NetApp is buying Spot.io, an Israeli startup that specialises in cloud cost controls, for an undisclosed sum. The price is said to be $450m, according to Calcalist, an Israeli publication.
Amiram Shacher, Spot CEO and co-founder, said in a blog post about the deal: “We are going to build the next game-changing business unit at NetApp.”
Spot claimed more than 500 customers, including Intel – a backer – Sony, Ticketmaster and Verizon, in a 2017 funding round. The company was founded just two years earlier and has amassed $52.6m in venture funding in total.
So what is NetApp buying? In effect, Spot is a cloud compute broker or virtual cloud provider that works with all three cloud giants. Spot’s Elastigroup product runs business applications on the lowest cost, discounted cloud compute instances, while maintaining service level agreements.
NetApp claims the technology can save up to 90 per cent of public cloud compute and storage cloud expenses. These typically account for up 70 per cent of total cloud spending.
Push these numbers through a mental spreadsheet and assume $1,000 per month public cloud spend and that compute and storage costs $700. By NetApp’s reckoning, Spot technology would saves $630, leaving total spend of $370 per month. If this technology works it’s a no-brainer.
NetApp will use Spot to establish an “application driven infrastructure” to enable customers to deploy more applications to public clouds. Spot’s as-a-service will provide continuous compute and storage optimisation of legacy enterprise applications, cloud-native workloads and data lakes.
Anthony Lye, head of NetApp’s public cloud services business, said in a canned quote: “Waste in the public clouds driven by idle resources and over-provisioned resources is a significant and a growing customer problem slowing down more public cloud adoption.
“The combination of NetApp’s… shared storage platform for block, file and object and Spot’s compute platform will deliver a leading solution for the continuous optimisation of cost for all workloads, both cloud-native and legacy. Optimised customers are happy customers and happy customers deploy more to the public clouds.”
NetApp and the public cloud
Here we have an on-premises storage array supplier encouraging customers to consume its storage services in the public cloud. That seems significant.
NetApp bought CloudJumper at the end of April and gained technology on which to base a NetApp Virtual Desktop Service providing virtual desktop infrastructure from the public cloud to work-from-home office staff. This will involve cloud compute and storage and Spot technology could be used to optimise the associated costs.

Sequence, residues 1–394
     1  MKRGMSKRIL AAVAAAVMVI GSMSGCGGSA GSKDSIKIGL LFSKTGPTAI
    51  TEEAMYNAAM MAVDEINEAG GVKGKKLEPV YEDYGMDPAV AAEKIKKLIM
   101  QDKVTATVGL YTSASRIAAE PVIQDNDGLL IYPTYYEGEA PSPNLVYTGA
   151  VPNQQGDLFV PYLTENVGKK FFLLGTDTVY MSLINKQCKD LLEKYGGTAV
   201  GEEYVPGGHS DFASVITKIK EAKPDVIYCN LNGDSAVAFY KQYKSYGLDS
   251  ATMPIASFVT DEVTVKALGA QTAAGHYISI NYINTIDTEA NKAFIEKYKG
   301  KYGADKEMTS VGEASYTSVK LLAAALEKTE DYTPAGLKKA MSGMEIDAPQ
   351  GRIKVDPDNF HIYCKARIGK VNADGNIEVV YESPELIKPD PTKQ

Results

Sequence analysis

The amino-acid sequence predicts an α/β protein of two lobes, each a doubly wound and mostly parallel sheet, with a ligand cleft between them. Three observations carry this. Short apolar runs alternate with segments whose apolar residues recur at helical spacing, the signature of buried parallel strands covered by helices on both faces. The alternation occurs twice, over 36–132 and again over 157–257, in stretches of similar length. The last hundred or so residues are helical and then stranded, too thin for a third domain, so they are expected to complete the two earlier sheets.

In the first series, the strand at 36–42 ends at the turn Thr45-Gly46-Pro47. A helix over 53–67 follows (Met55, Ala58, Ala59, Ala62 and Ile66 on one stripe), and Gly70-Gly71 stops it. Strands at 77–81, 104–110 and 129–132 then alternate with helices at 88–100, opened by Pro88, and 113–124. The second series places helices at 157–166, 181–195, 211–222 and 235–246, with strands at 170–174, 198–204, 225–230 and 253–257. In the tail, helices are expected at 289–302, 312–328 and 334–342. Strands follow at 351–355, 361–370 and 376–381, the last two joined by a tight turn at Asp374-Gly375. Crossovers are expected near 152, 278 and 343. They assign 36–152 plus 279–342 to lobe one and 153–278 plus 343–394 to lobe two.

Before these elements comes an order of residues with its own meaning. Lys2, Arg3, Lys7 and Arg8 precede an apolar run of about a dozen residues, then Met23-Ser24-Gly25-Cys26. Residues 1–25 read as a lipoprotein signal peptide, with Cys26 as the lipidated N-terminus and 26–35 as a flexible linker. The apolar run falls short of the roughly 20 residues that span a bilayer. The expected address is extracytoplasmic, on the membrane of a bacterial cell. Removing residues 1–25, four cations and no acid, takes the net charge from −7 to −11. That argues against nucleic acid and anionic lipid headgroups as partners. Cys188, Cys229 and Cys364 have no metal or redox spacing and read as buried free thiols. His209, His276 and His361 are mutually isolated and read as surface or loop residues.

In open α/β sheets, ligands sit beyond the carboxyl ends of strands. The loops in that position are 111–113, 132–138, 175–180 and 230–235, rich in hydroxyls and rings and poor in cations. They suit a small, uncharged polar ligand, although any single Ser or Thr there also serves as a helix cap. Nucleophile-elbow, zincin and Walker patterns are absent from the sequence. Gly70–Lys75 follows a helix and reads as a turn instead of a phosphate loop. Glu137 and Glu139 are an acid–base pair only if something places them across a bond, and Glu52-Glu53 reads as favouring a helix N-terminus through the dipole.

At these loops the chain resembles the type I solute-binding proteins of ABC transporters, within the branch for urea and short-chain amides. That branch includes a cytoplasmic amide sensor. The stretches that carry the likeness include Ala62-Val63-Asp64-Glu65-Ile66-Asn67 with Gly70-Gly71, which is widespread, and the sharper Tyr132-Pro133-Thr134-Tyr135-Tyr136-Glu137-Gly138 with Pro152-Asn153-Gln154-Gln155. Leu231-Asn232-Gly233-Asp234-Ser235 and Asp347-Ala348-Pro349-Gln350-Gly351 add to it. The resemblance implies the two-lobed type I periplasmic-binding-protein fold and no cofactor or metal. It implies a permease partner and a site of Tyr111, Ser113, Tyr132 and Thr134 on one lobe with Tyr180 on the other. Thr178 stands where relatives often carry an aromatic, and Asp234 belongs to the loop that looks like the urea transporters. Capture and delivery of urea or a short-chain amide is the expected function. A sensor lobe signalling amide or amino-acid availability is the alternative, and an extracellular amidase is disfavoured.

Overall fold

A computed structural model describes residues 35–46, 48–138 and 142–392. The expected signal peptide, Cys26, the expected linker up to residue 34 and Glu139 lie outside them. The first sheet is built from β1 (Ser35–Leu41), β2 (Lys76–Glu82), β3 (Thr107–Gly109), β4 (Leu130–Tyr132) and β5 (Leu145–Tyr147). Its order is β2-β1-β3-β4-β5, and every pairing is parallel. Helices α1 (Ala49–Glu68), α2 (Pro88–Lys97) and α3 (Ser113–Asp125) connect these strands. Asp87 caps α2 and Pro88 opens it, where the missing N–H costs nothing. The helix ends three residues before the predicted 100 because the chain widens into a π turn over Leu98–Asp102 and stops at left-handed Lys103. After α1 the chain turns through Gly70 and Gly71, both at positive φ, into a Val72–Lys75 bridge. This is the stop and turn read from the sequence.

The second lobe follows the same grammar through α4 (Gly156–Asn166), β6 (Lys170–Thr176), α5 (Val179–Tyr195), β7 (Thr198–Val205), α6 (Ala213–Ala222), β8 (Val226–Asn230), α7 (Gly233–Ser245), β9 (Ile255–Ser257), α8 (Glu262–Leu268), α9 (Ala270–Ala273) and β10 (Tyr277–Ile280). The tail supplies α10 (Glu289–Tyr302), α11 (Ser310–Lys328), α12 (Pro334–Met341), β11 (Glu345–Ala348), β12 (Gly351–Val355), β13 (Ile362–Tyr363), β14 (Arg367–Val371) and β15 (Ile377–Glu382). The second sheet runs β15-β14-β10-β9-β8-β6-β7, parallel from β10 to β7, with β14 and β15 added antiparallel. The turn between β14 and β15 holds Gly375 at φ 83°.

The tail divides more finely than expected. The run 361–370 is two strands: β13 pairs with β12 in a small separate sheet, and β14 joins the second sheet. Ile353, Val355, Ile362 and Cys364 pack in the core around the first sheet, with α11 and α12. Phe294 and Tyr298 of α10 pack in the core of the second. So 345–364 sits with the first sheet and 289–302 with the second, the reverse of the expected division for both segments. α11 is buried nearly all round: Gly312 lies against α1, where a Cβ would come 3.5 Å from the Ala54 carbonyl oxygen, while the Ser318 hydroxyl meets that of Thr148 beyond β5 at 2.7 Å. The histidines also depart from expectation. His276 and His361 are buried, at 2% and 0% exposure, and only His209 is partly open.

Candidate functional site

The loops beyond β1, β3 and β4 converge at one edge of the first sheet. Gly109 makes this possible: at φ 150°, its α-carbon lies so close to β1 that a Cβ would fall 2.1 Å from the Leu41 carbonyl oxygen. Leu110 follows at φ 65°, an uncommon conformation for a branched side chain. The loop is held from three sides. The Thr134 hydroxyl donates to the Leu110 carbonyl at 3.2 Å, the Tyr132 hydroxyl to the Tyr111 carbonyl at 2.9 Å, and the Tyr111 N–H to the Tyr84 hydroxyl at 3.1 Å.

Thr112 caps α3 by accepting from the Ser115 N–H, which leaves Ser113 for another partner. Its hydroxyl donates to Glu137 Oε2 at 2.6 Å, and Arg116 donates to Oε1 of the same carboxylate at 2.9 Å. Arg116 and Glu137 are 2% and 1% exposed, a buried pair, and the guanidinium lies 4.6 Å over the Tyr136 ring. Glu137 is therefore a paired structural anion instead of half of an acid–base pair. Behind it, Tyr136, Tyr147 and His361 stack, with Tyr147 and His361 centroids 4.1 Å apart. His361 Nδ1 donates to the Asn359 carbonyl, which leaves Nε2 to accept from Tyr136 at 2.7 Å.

In its latest results (Q4 fy2020) NetApp’s public cloud business contributed 7.9 per cent of the revenue in the quarter. There was a $111m annual recurring revenue run rate in the business, up 113 per cent. This is good growth but from a small base and William Blair analyst Jason Ader thinks the “ramp has been well below management targets”.
In short, NetApp need grow its public cloud business.
“The Public Clouds have become the default platforms for all new application development,” Lye writes in a company blog. Application developers “don’t want to have to understand infrastructure details to be able to develop and deploy their code… Why shouldn’t the infrastructure be able to determine how to optimise performance, availability and cost, even as demands change and evolve?”
The deal should close by the end of October subject to the usual conditions. Spot will continue to offer and support its products as part of NetApp.
Elastigroup creates a public cloud virtual server compute instance composed of Spot Instances, reserved instances and on-demand instances. This virtual instance is always available and dynamic, changing the actual instance type to continually find and use the lowest cost instances available.
The number of servers is scaled as demand requires and as public cloud billing periods start and terminate. Spot Instance pricing operates in a spot market and the company’s algorithms predict spot market price fluctuations and provisions on-demand instances when the spot market price goes above them.
Spot was established in Tel Aviv in 2015 by Shachar, Liran Polak and Ahron Twizer, who has since left the company.
Shachar and Polak were members of the MAMRAM or ‘cloud infrastructure’ unit of the Israel Defense Forces and responsible for managing IDF’s data centres and virtualization systems.
They later pursued degrees in computer science and their academic research focused on addressing data centre inefficiencies by utilising Spot Instances in the Amazon cloud.
Spot Instances were excess compute capacity sold by AWS with discounts up to 90 per cent compared to normal compute instance pricing. They could be turned off with two minutes notice if AWS needed the capacity for its normal business.
Shachar and Polak designed a machine learning model to predict when AWS would want the spot instances terminated and Shachar’s employed moved to AWS Spot Instances for its IT compute needs. From there, they extended the service to Azure and Google Cloud.